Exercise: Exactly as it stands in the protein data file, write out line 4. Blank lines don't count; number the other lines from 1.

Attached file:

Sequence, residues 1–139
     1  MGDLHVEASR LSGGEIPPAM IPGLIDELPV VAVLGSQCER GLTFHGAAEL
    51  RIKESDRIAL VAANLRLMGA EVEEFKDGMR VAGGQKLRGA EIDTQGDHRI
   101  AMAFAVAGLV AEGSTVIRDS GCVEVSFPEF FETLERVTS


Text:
   101  AMAFAVAGLV AEGSTVIRDS GCVEVSFPEF FETLERVTS